is by going a whaling yourself; but by so doing, you run no small risk of being
258                        Chapter 55 Of the Monstrous Pictures of Whales

eternally stove and sunk by him. Wherefore, it seems to me you had best not be
too fastidious in your curiosity touching this Leviathan.
Chapter 56

Of the Less Erroneous Pictures of
Whales and the True Pictures of
Whaling Scenes

I  n connexion with the monstrous pictures of whales, I am strongly tempted here
   to enter upon those still more monstrous stories of them which are to be found
in certain books, both ancient and modern, especially in Pliny, Purchas, Hackluyt,
Harris, Cuvier, &c. But I pass that matter by.
     I know of only four published outlines of the great Sperm Whale; Colnett’s,
Huggins’s, Frederick Cuvier’s, and Beale’s. In the previous chapter Colnett and
Cuvier have been referred to. Huggins’s is far better than theirs; but, by great
odds, Beale’s is the best. All Beale’s drawings of this whale are good, excepting
the middle figure in the picture of three whales in various attitudes, capping his
second chapter. His frontispiece, boats attacking Sperm Whales, though no doubt
calculated to excite the civil scepticism of some parlor men, is admirably correct
and life-like in its general effect. Some of the Sperm Whale drawings in J. Ross
Browne are pretty correct in contour; but they are wretchedly engraved. That is
not his fault though.
     Of the Right Whale, the best outline pictures are in Scoresby; but they are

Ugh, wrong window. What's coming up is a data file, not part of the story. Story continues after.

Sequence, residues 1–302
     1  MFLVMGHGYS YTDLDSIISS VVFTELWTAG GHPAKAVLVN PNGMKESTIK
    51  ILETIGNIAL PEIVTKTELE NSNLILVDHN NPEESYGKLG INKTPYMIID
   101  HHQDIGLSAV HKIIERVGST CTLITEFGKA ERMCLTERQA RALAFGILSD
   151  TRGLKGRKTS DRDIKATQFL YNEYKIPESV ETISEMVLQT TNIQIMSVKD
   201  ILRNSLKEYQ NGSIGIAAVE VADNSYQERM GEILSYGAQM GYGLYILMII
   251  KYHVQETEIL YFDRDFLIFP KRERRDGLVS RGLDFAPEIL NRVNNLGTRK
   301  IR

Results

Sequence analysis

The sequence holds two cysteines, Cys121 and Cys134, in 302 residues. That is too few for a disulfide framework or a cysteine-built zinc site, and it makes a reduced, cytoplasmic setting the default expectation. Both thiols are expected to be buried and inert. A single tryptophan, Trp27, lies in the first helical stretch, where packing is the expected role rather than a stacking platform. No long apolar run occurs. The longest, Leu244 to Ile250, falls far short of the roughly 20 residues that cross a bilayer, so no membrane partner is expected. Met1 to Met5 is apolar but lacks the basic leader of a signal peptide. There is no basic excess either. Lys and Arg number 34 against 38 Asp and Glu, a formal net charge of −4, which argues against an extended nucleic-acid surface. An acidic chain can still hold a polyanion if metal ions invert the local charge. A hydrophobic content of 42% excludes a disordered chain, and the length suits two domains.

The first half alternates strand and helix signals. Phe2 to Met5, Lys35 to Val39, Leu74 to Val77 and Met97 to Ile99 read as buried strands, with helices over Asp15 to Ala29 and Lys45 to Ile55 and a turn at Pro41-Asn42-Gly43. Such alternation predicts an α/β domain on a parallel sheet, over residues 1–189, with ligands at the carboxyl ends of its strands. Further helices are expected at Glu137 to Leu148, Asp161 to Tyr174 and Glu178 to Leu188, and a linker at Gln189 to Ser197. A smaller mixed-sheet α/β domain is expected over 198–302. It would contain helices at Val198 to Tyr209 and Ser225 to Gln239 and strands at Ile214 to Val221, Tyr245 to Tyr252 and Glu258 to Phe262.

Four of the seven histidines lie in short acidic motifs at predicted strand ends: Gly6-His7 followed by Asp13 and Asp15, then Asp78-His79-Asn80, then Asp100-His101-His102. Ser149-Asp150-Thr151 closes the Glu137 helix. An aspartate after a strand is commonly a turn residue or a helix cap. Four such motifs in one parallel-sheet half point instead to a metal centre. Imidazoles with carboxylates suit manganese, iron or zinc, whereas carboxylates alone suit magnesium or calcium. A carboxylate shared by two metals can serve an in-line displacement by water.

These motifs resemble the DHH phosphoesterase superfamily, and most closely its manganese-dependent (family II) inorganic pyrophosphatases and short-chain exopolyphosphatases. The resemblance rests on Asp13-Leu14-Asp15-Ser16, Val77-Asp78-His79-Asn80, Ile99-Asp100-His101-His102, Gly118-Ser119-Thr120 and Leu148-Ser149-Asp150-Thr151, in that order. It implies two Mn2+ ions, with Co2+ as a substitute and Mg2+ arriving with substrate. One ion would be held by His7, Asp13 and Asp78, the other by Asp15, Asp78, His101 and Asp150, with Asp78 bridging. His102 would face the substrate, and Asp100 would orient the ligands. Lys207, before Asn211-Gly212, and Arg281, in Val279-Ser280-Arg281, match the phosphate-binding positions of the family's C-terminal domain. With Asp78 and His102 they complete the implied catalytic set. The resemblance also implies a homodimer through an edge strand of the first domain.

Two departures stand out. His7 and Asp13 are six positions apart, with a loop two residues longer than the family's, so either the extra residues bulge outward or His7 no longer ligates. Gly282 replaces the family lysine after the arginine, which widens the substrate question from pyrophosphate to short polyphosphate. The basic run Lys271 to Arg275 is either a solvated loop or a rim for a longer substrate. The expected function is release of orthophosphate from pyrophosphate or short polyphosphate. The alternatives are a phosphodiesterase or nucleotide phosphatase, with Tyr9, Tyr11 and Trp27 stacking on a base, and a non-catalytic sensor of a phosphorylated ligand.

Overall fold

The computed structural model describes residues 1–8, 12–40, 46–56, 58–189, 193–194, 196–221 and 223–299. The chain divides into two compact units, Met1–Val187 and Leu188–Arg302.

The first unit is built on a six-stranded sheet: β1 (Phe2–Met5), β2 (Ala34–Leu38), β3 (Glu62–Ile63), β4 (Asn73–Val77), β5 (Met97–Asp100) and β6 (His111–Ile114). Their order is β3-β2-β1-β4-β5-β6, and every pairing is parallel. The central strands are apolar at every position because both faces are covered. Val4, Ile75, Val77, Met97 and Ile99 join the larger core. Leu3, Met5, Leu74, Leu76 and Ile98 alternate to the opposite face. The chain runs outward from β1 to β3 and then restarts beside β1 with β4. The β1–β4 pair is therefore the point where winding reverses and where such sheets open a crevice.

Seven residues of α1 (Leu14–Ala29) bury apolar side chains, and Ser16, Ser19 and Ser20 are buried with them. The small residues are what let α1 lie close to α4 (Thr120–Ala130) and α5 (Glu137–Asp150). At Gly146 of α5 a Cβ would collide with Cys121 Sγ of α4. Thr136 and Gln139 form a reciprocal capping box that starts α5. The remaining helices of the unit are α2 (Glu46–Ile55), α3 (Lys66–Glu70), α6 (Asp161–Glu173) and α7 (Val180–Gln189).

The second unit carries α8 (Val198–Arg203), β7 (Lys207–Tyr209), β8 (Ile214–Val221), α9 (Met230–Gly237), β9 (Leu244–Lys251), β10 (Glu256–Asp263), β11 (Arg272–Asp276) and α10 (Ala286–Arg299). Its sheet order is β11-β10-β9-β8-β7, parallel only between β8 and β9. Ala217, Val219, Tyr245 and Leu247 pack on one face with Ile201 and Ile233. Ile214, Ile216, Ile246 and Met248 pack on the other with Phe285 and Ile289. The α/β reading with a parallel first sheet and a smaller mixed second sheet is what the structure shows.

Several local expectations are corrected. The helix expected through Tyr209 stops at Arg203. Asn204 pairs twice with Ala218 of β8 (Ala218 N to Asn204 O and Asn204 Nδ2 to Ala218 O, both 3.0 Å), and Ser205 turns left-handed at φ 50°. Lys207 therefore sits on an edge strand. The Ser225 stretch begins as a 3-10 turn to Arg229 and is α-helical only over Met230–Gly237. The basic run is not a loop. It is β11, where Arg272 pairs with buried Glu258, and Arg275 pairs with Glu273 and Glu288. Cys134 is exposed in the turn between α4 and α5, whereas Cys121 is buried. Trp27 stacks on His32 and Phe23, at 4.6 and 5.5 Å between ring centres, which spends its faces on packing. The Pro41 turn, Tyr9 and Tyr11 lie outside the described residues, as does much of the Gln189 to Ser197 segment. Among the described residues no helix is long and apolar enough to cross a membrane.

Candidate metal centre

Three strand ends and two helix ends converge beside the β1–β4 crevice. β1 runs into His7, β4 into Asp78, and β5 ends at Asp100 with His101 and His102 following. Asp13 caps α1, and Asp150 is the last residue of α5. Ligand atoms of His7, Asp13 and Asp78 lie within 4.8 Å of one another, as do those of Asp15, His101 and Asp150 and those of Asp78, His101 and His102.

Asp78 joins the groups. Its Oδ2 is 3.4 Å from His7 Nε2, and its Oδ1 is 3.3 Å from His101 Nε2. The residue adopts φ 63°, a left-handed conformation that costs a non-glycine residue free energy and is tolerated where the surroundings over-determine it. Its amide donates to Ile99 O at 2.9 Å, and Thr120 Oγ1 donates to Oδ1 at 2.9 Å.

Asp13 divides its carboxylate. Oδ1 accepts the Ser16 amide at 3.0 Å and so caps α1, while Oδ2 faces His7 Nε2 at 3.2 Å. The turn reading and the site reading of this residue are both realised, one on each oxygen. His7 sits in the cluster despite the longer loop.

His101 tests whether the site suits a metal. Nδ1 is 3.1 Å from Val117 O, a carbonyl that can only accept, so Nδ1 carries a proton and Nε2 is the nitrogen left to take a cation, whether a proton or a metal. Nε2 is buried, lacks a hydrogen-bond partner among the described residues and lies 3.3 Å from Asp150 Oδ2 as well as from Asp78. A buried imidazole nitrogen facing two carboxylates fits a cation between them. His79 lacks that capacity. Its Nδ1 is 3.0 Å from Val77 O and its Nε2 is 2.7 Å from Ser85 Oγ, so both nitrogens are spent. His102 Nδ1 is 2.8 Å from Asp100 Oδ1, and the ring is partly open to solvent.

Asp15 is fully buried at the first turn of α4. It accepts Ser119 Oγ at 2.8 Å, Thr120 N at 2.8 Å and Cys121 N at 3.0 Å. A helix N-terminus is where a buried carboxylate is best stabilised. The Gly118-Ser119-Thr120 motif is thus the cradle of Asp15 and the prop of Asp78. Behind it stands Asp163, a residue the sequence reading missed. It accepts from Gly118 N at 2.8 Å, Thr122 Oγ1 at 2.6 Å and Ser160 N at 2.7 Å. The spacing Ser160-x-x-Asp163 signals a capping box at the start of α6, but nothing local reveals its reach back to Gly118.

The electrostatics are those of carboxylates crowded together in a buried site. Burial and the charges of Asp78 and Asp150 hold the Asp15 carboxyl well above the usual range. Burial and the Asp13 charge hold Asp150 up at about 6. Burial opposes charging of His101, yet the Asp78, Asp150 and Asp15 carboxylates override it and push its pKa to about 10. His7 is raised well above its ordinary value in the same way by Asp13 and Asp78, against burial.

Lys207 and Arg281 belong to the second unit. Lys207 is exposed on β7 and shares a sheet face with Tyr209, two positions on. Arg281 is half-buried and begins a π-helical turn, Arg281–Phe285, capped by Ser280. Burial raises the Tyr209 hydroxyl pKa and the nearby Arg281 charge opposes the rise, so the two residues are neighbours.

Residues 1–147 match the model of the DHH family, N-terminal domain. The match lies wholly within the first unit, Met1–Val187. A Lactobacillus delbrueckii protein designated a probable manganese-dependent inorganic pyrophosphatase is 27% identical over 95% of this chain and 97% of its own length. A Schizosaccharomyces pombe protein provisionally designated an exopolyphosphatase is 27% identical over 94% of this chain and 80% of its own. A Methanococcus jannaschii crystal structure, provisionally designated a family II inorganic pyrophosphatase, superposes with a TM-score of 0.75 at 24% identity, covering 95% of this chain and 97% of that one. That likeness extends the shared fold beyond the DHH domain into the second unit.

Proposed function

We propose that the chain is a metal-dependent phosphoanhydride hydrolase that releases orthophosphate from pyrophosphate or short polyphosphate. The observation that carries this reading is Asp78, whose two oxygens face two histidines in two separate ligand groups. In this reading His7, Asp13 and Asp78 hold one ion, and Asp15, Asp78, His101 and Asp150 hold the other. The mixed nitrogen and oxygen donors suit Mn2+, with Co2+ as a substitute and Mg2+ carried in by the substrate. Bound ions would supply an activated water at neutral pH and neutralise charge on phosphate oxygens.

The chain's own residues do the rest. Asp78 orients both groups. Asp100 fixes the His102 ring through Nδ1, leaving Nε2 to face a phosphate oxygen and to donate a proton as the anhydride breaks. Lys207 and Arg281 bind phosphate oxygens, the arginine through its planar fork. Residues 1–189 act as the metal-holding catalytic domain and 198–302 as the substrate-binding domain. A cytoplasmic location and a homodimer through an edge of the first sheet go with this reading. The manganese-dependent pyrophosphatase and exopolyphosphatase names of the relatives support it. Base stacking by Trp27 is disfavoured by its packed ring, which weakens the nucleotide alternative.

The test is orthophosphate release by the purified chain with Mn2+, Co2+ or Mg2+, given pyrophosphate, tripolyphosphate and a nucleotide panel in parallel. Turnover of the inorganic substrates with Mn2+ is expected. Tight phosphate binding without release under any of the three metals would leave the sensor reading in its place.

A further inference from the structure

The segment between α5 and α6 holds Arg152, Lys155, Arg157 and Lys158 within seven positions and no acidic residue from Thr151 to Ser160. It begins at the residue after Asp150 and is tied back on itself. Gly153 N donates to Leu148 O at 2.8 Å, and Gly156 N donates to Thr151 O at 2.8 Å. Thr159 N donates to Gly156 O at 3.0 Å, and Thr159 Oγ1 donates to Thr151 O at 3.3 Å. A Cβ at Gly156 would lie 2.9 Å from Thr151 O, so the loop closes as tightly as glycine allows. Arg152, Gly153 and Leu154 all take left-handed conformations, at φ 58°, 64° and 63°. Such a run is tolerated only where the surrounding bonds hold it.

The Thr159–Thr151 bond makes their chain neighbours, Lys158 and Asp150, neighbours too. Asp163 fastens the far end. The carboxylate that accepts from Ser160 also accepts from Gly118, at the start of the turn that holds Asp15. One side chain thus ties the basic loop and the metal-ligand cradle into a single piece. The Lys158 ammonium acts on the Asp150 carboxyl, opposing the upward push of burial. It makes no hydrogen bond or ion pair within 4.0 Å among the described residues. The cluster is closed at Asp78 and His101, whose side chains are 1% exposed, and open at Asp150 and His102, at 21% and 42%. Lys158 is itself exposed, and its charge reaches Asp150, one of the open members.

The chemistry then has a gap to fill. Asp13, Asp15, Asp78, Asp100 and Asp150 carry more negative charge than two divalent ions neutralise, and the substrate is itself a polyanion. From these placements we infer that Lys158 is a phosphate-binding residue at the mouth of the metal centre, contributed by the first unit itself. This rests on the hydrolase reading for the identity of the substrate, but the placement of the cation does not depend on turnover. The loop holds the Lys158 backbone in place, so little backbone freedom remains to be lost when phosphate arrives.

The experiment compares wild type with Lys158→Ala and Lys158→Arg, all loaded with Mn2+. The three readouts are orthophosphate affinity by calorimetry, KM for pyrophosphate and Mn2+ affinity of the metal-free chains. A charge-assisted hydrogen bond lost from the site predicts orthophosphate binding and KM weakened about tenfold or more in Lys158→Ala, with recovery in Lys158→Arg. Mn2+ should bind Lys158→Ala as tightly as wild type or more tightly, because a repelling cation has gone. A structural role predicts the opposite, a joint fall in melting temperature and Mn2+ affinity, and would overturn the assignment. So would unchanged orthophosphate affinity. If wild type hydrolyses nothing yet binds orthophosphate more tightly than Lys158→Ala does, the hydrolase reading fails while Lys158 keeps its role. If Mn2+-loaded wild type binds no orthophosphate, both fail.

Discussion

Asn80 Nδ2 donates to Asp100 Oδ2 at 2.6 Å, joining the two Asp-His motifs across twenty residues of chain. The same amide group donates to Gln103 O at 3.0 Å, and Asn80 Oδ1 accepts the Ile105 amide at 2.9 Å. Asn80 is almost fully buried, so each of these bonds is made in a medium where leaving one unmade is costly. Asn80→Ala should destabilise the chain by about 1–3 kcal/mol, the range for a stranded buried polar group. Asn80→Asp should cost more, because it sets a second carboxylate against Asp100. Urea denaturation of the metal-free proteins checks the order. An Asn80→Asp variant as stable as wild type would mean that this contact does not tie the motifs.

drawn on too small a scale to convey a desirable impression. He has but one pic-
ture of whaling scenes, and this is a sad deficiency, because it is by such pictures
only, when at all well done, that you can derive anything like a truthful idea of the
living whale as seen by his living hunters.
     But, taken for all in all, by far the finest, though in some details not the most
correct, presentations of whales and whaling scenes to be anywhere found, are
Chapter 56 Of the Less Erroneous Pictures of Whales and the True Pictures
260                                                   of Whaling Scenes
two large French engravings, well executed, and taken from paintings by one Gar-
neray. Respectively, they represent attacks on the Spermand Right Whale. In the
first engraving a noble Sperm Whale is depicted in full majesty of might, just
risen beneath the boat from the profundities of the ocean, and bearing high in the
air upon his back the terrific wreck of the stoven planks. The prow of the boat
is partially unbroken, and is drawn just balancing upon the monster’s spine; and
standing in that prow, for that one single incomputable flash of time, you behold
an oarsman, half shrouded by the incensed boiling spout of the whale, and in the
act of leaping, as if from a precipice. The action of the whole thing is wonderfully
good and true. The half-emptied line-tub floats on the whitened sea; the wooden
poles of the spilled harpoons obliquely bob in it; the heads of the swimming crew
are scattered about the whale in contrasting expressions of affright; while in the
black stormy distance the ship is bearing down upon the scene. Serious fault might
be found with the anatomical details of this whale, but let that pass; since, for the
life of me, I could not draw so good a one.
     In the second engraving, the boat is in the act of drawing alongside the barna-
cled flank of a large running Right Whale, that rolls his black weedy bulk in the
sea like some mossy rock-slide from the Patagonian cliffs. His jets are erect, full,
and black like soot; so that from so abounding a smoke in the chimney, you would
think there must be a brave supper cooking in the great bowels below. Sea fowls
are pecking at the small crabs, shell-fish, and other sea candies and maccaroni,
which the Right Whale sometimes carries on his pestilent back. And all the while
the thick-lipped leviathan is rushing through the deep, leaving tons of tumultuous
white curds in his wake, and causing the slight boat to rock in the swells like a
skiff caught nigh the paddle-wheels of an ocean steamer. Thus, the foreground